A second problem is that the current expense for DVD's in most, if not all, cities that fund their libraries is extremely small compared to what it would cost to fund a type of "mass membership". The additional expense of funding this would come from increased taxes or would come from cutting other services just as it is done now. While I don't mind helping to purchase several hundred DVD's each year I DO NOT want to pay for thousands of Netflix, or Blockbuster memberships.

Your thoughts on those two problems would be appreciated.


Yes, that would work. Suppose the library buys 250 4-at-a-time memberships. This would make 1000 rentals available at any time to patrons.

$24 * 250 * 12 = $72,000/year

A patron may request only one Netflix from the library at a time. Adult patrons (18+) only, no kids (so the library doesn't have to bother with censoring who gets what; any adult could request any Netflix). Library orders it from Netflix. When it arrives, patron has 48 hr to come to library and pick it up. 7-day rental period, no renewals. Standard late fees apply. If the patron loses the DVD, the library imposes its charge for lost materials, and pays Netflix when the patron pays up. Some will be uncollectible but most will pay up.

The library saves the money it would normally spend on DVDs, and the library would not be left with a collection of abused, unplayable discs.

Hunter McDaniel

I'm sure that potential cannibalization of current subscribers is one factor Netflix and BBO would consider when deciding how to price the service they offered to a library. But the risk BBO would take by declining to bid on the library contract is that Netflix WILL - and vice versa.

As for your second problem, the main cost of for libraries to loan DVDs is not purchasing the discs themselves but rather the labor costs associated with cataloging, checking them out and in, reshelving, etc. So one would expect there should be some staff reductions associated with an outsourcing project like this, and that would be the source of the budget for the service. Now this is where any suggestion to improve government service by outsourcing runs into resistance - what's good for the public is not the same as what's good for public service employees.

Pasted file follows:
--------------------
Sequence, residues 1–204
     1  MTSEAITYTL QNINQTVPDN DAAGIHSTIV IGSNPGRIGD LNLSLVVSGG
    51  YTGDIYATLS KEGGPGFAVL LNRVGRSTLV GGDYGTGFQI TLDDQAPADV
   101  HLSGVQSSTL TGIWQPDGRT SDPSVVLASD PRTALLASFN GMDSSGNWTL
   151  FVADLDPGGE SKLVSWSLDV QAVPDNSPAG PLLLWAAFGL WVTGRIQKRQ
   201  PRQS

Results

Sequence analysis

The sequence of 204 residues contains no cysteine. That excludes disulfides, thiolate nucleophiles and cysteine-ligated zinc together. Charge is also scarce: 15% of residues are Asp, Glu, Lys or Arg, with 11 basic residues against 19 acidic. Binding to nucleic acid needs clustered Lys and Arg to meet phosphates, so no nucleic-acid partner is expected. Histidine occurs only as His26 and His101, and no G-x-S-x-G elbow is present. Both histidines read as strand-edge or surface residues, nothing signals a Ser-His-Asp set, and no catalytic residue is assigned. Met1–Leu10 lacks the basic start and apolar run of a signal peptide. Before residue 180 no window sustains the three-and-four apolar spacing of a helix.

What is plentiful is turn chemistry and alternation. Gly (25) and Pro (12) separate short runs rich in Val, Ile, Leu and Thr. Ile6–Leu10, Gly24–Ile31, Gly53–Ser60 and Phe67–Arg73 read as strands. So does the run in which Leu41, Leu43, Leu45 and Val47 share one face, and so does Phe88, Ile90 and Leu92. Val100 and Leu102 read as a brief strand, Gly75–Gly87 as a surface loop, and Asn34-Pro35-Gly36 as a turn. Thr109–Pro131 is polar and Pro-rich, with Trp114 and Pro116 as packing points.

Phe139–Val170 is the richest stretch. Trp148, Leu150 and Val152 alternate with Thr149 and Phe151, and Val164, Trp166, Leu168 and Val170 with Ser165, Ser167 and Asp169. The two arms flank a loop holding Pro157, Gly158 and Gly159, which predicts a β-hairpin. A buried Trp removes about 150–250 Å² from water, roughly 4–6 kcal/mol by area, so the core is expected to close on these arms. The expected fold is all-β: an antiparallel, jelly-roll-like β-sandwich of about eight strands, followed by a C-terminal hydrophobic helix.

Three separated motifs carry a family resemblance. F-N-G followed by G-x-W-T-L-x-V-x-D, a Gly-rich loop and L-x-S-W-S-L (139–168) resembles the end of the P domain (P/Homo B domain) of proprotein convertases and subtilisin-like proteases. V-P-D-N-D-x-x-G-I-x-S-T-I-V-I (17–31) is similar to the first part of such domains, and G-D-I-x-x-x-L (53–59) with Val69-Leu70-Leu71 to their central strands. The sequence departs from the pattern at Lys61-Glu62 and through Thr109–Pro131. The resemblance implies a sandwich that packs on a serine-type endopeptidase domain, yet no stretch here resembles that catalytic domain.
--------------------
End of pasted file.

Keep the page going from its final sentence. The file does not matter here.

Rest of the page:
I believe something like this will be more feasible when you can download your movies. Some libraries currnetly off audiobooks via downloads. The library pays for the service. I believe they can limit the qty of certain title. The title expire after two weeks.

Old Timer Too

It seems to me that there are a number of issues here: 1 - Materials not available locally, but only through the mail; 2 - having to provide a third party with privacy information; 3 - broad competition to local businesses (a limited number of titles is not competition, but 60,000 plus titles is).

As to whether a library should be in the business of "renting" titles, no. They are in the business of _loaning_ titles and there is a big difference. The key is that the library acquisitions desk should be selective in its choices, just as it should be selective for book, audio, and magazine titles. Far too many libraries, especially in smaller towns, are not selective. I was not amused when we visited a small town library a few years ago and found it lacked a good selection of research material for even high school students. The building was new and modern, but the selection was not suitable for students wanting to do any research.

Yes, there are problems associated with damaged DVDs, just as there are problems with damaged CDs, LPs, books, and magazines. Staff should always inspect returned materials to make sure that those responsible for damage pay for the repairs/replacements.

But the debate is almost absurb - the real question is whether libraries have become obsolete. Consider tying computers to a massive centralized database of imaged/digitized books, magazines, and recordings. Card holders would be able to tie into that datasource and view/listen to (but not download) the books, magazines, or recordings (streaming audio/video) either at home, or at the library. Students needing to capture source material could easily screen print the data they needed. "Fair use" would be protected and copyright issues avoided.

Edward R Murrow

If there's that much surplus budget in Palo Alto, why don't they start a soup kitchen in the nearest poor neighborhood?

The article states that $1.44 million per year of public money would be spent.

Doesn't seem like a very irreponsible use of taxpayers funds?